Assumptions are everywhere: they are the foundation of everything we think, say and do. Like the air we breathe, they are invisible and necessary. They save time by allowing us to take certain facts and situations for granted and let us get on with the business of forming and exchanging new ideas.
However, because they remain out of sight and out of mind, we usually don’t realize how many assumptions we take for granted when we make decisions. When our assumptions are wrong, we can commit major errors. When the stakes are high, or when things are rapidly changing, it helps to have a mental tool-kit that allows us to examine our own—and others’—assumptions.
Here’s a list of 10 assumptions that can lead us astray. I’ve borrowed the list from a course I teach, Precision Questioning and Answering by Vervago, but the examples, prioritization and editorial comments are my own. I’ve listed them in order of frequency, but don’t assume the order is anything other than totally subjective.
Similarity: Assuming that the situation is similar to something we’ve seen before. I put this one first because the hallmark of learning from experience is that you have a rich store of situations that you can draw on when you face a new situation. It works well as long as the new situation is identical in the relevant factors. When it’s not, that’s when we get into trouble, and with the pace of change we face today, there are going to be many times when the new situation is fundamentally different. Armies prepare diligently to fight the past war. The similarity assumption almost killed a friend of mine when doctors kept prescribing more antibiotics for a “sinus infection” which was only a symptom for a rare and serious disease.
Category: Assuming that things are properly grouped together, or that a thing shares all the characteristics of its category. For example, we assume all Republicans and all Democrats will think or behave a certain way. Our own categories can also influence our assumptions: if sales are flat, marketers assume it’s a marketing problem, engineers see it as an engineering problem, economists assume it has to do with the economy, etc.
Uniqueness: Assuming that there is only one of something. This leads to oversimplification and a “Whack-A-Mole” approach to problems: you fix one issue and another pops up. This one’s easy to spot: When someone says “the problem is…, or the solution is…”, you potentially have a uniqueness assumption.
Possibility: Assuming something is possible. Bankers who bought risky loans assumed they would be able to sell them if they got into trouble.
Impossibility: Assuming something is impossible, and ignoring Black Swan events in your planning, such as a 9.0 scale earthquake and a 30 foot tsunami when designing a nuclear power plant. While this one may be considered merely a version of the possibility assumption, it helps to shift your questiong perspective.
Audience: Assuming that all participants have a common view or understanding. Our leaders assumed that Iraqis would welcome us with open arms and gratitude because we freed them from a brutal dictator. In 1999, the Mars Climate Orbiter mission failed, costing $125 million, because Lockheed Martin engineers used English units in navigation information and handed it off to NASA, which assumed they were metric units.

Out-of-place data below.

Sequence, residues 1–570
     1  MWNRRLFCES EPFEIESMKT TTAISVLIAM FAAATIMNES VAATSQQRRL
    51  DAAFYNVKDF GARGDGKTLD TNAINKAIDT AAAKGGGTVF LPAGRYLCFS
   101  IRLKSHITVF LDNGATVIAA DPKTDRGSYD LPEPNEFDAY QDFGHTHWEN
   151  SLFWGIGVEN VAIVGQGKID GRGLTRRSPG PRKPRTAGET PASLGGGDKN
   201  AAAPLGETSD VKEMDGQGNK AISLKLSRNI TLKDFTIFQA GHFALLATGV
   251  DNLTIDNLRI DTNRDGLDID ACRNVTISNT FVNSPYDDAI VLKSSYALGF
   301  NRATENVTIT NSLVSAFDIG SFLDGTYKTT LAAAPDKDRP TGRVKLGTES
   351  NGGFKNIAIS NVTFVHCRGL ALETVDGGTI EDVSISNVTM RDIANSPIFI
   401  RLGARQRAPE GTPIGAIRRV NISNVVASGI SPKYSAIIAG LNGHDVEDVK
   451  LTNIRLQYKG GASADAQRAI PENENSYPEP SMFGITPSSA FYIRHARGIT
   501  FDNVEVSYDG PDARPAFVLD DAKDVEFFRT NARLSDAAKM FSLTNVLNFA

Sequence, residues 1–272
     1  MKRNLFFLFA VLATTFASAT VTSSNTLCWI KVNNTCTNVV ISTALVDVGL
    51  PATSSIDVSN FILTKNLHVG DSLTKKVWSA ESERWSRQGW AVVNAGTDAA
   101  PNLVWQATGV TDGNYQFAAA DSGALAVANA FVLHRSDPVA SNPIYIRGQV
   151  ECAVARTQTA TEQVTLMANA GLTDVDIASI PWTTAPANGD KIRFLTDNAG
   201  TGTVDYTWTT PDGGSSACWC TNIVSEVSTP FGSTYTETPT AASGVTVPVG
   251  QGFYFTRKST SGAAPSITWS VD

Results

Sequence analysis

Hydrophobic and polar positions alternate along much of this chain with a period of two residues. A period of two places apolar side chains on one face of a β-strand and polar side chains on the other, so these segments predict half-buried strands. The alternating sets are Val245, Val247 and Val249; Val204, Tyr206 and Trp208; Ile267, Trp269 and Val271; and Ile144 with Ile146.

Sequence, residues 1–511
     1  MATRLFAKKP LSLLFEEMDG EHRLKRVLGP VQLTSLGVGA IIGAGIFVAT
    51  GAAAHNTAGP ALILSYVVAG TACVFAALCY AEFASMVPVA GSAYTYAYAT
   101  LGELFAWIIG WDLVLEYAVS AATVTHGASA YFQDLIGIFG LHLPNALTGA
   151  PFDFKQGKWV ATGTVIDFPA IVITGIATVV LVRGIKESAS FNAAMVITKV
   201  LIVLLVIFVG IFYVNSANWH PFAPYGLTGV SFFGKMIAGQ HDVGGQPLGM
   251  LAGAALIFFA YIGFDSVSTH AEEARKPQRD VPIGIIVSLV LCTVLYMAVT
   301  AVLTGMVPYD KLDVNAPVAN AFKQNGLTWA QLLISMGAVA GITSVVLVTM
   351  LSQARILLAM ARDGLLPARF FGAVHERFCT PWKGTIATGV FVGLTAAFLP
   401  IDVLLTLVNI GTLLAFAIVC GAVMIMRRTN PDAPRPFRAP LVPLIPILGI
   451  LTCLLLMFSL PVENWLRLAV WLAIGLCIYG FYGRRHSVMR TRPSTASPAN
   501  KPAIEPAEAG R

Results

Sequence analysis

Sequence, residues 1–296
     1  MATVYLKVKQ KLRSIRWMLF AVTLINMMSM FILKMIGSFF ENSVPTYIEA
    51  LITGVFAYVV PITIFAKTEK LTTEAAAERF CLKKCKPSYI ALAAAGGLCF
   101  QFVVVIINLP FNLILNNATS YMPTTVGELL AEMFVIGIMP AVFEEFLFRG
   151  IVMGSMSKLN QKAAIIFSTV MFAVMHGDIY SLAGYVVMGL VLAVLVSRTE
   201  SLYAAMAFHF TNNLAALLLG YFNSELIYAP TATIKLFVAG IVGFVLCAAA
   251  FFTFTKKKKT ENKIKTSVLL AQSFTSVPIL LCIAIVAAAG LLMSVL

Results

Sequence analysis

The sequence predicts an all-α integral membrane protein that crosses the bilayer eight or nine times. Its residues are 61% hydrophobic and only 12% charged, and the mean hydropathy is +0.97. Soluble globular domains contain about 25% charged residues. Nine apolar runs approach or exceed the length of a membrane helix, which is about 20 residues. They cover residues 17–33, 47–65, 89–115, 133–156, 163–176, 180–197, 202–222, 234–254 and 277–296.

Time and Constancy: Assuming that things remain constant over time. This assumption commonly occurs when we take too long to respond to a situation. Borrowers who took mortgages knowing their interest rate would balloon, because they assumed prices would go up and they could refinance. This assumption is most likely to crop up during volatile and unstable times.
Value: Assuming that something is either good or bad, problem or opportunity. Most of us assumed that the democracy movement in Egypt was a good thing, and now the assumption that the Muslim Brotherhood may dominate the first free elections is seen (to Westerners—I have to avoid the audience assumption) as a bad thing. The value assumption is one can turn into a self-fulfilling prophecy, and become true merely because we think it is.
Existence: Assuming something exists. We see this assumption in the press all the time, when isolated but vivid incidents lead to a common perception that a serious problem exists that must be stamped out. Marketers make this assumption error all the time, presuming demand exists
Measurement: Assuming something can be measured, or that measurement won’t change the value. When I would take the Jetta in to the dealership, the service manager would tell me that if the survey I received in the mail about the service experience did not reflect all “excellents” he could lose his job. I wonder if someone at VW headquarters really believes in their results? It’s also a common problem in polling, when respondents tell questioners what they think they want to hear.
Pattern: Assuming a pattern where none exists. This assumption is not one on Vervago’s list, but I include it here because it’s completely natural for people to try to connect the dots and find patterns, but sometimes the dots are simply unconnectable and coincidental. According to Gary Klein, who studies expert decision making, experts’ intution is actually the ability to instantly recognize patterns. This works well in most cases, but some situations are new and unique.
As you can see from this list, there is a lot under the surface of any communication or situation. In fact, probably the only thing you can safely assume is that at least one of your assumptions is bound to be flawed!